Wallula in Walla Walla County, Washington — The American West (Northwest)
Fort Nez Percés / Fort Walla Walla
The trading posts at Wallula were on the north bank of the mouth of the Walla Walla River, now inundated by the backwaters of McNary Dam. The stones placed in the ground where you stand were recovered from the foundations of the old forts before the area was flooded. The closest accessible
Erected by Walla Walla 2020.
Topics. This historical marker is listed in these topic lists: Exploration • Forts or Castles • Native Americans • Settlements & Settlers.
Location. 46° 5.067′ N, 118° 54.576′ W. Marker is in Wallula, WashingtonTouch for map. Marker is in this post office area: Wallula WA 99363, United States of America. Touch for directions.
Other nearby markers. At least 6 other markers are within 11 miles of this marker, measured as the crow flies. Here Stood Fort Nez Perce (here, next to this marker); Fort Walla Walla (a few steps from this marker); The History of Wallula (approx. 2.4 miles away); Lewis and Clark Trail (approx. 10.3 miles away); Ainsworth (approx. 10.8 miles away); Sacagawea (approx. 10.8 miles away).
More about this marker. Marker is a framed composite plaque, mounted horizontally on a waist-high metal post.
Also see . . .
1. Fort Nez Percés. Constructed on the east bank of the Columbia River, Fort Nez Percés was half a mile north of the mouth of the Walla Walla River and a few miles below the mouth of the Snake River. The location was chosen for its strategic geographic value. The nearby Walla Walla Valley had long been an important rendezvous point for parties working several peripheral fur districts. Essentially all company exports and supplies passed through the Columbia Gorge. The location of Fort Nez Percés at the eastern end of this trunk line to the ocean made it the most important post in the interior. In addition, increasing tensions from occupying the homelands of the local Native Americans necessitated a permanent fortified post. (Submitted on February 3, 2019, by Cosmos Mariner of Cape Canaveral, Florida.)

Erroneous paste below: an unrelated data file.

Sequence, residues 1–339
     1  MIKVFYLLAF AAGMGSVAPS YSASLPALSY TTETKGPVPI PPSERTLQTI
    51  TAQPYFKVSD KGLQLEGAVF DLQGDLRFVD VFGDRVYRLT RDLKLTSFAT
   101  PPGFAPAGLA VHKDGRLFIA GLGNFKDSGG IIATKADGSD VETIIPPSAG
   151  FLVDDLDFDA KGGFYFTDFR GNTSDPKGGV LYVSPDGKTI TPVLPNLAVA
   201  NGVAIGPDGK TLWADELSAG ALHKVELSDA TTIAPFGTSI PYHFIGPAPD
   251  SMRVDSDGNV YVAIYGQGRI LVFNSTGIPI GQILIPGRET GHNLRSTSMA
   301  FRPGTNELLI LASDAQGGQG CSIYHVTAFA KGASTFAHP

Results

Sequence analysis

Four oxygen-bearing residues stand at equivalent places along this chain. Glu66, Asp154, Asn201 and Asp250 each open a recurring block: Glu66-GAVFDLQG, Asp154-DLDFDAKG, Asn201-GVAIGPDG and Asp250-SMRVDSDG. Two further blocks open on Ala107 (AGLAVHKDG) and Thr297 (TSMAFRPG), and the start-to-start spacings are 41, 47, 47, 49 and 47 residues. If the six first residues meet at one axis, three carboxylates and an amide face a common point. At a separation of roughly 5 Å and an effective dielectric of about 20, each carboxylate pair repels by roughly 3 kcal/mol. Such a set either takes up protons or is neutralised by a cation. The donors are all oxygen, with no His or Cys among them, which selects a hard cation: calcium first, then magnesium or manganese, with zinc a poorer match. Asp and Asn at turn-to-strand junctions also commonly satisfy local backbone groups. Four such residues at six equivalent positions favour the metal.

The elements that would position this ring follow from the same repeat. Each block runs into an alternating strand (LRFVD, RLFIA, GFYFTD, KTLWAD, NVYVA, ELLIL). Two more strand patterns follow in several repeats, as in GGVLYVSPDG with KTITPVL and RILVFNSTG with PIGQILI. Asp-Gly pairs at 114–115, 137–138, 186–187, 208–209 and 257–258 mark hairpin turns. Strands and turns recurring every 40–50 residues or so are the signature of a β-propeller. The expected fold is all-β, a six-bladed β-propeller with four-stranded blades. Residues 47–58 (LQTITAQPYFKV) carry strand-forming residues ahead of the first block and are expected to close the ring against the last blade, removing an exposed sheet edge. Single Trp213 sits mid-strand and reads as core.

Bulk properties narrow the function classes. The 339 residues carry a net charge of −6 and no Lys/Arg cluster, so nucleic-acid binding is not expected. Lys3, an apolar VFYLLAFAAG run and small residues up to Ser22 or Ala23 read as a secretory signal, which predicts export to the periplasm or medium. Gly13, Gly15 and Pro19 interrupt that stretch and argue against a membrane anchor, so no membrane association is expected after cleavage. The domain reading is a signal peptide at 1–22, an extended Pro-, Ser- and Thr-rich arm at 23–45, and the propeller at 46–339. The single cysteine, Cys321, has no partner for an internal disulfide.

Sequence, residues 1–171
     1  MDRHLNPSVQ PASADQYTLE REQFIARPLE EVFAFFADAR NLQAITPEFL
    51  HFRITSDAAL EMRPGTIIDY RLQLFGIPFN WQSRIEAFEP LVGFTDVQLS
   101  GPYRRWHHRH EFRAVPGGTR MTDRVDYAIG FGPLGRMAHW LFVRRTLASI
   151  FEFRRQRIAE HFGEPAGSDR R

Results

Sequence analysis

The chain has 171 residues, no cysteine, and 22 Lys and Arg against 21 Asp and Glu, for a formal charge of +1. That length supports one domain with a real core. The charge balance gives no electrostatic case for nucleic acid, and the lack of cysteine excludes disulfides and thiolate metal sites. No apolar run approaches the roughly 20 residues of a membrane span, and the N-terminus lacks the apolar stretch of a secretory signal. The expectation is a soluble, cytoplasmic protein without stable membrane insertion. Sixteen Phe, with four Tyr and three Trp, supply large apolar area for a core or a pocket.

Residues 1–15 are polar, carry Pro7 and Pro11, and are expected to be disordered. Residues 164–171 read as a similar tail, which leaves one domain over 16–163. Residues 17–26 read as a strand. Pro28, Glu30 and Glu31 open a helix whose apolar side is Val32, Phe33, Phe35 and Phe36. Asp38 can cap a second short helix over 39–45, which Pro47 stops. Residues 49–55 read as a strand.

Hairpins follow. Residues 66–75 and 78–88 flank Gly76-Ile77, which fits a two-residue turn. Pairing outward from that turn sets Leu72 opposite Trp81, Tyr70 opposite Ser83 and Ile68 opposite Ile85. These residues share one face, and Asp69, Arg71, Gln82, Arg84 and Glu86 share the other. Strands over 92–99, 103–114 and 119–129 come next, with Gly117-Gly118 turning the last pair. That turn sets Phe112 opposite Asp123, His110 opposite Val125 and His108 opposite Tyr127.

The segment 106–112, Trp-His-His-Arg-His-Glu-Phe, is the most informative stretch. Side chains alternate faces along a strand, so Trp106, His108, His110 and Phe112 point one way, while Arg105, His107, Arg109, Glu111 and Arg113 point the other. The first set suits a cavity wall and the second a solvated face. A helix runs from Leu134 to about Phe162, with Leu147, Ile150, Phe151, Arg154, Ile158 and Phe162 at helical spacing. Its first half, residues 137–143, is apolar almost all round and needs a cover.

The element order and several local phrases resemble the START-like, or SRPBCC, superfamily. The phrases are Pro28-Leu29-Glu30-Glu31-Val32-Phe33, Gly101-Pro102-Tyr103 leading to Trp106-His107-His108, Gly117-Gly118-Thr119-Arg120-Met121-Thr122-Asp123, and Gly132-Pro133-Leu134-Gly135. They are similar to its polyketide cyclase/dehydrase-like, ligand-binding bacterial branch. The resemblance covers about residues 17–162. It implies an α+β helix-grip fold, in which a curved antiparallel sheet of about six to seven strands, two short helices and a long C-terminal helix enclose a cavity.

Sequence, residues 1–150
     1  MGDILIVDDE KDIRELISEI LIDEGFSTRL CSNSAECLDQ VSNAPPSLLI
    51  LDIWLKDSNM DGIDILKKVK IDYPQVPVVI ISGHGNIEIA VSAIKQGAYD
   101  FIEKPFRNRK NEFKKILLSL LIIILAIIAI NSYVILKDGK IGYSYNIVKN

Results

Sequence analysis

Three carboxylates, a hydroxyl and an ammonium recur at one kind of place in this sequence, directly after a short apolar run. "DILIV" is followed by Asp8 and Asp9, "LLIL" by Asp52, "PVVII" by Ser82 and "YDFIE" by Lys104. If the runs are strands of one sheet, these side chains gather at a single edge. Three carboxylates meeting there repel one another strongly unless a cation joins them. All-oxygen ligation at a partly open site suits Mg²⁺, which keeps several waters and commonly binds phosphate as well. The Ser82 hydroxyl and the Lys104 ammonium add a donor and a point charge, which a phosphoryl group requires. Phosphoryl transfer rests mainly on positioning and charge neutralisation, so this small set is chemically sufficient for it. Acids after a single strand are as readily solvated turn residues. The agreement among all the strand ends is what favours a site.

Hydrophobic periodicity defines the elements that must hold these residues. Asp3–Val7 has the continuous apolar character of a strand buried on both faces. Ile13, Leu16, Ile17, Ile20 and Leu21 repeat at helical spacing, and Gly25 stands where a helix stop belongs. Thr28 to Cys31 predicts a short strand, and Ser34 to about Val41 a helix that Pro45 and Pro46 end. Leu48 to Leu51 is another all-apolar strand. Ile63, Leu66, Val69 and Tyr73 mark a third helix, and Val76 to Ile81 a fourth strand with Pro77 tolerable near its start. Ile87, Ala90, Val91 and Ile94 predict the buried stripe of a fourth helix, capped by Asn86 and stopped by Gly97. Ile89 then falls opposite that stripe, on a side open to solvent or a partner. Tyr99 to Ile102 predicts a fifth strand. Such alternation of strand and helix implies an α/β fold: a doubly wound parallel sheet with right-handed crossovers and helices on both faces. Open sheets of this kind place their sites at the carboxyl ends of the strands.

2. North West Company builds Fort Nez Percés on future site of Wallula in 1818. Donald McKenzie supervised the erection of a palisade of planks, 20 feet high and six inches thick. Bastions at each corner housed cannon and 200 gallons of water apiece in the event of siege. The establishment was dubbed The Gibraltar of the Columbia. Alexander Ross was the first factor for the post. The post was abandoned during the Indian War of 1855-1856. The site became the town of Wallula. (Submitted on February 3, 2019, by Cosmos Mariner of Cape Canaveral, Florida.)
3. Fort Nez Percés. This drawing of fur trading at Fort Nez Perce (also known as Fort Walla Walla) was drawn by Joseph Drayton, one of several artists hired for a United States naval expedition led by Lieutenant Charles Wilkes from 1838 to 1842. The drawing depicts Archibald Mckinley, chief trader for the Hudson’s Bay Company at Fort Nez Perce, inspecting pelts for trade presented by Indian women. The wooden fort depicted in this drawing was destroyed by fire in 1841. The fort was rebuilt primarily of adobe and continued to be (Submitted on February 3, 2019, by Cosmos Mariner of Cape Canaveral, Florida.)
4. Walla Walla 2020 Historic Research Hub. (Submitted on February 3, 2019, by Cosmos Mariner of Cape Canaveral, Florida.)
Credits. This page was last revised on February 4, 2019. It was originally submitted on February 2, 2019, by Cosmos Mariner of Cape Canaveral, Florida. This page has been viewed 121 times since then and 20 times this year. Photos: 1, 2, 3, 4, 5. submitted on February 3, 2019, by Cosmos Mariner of Cape Canaveral, Florida. • Andrew Ruppenstein was the editor who published this page.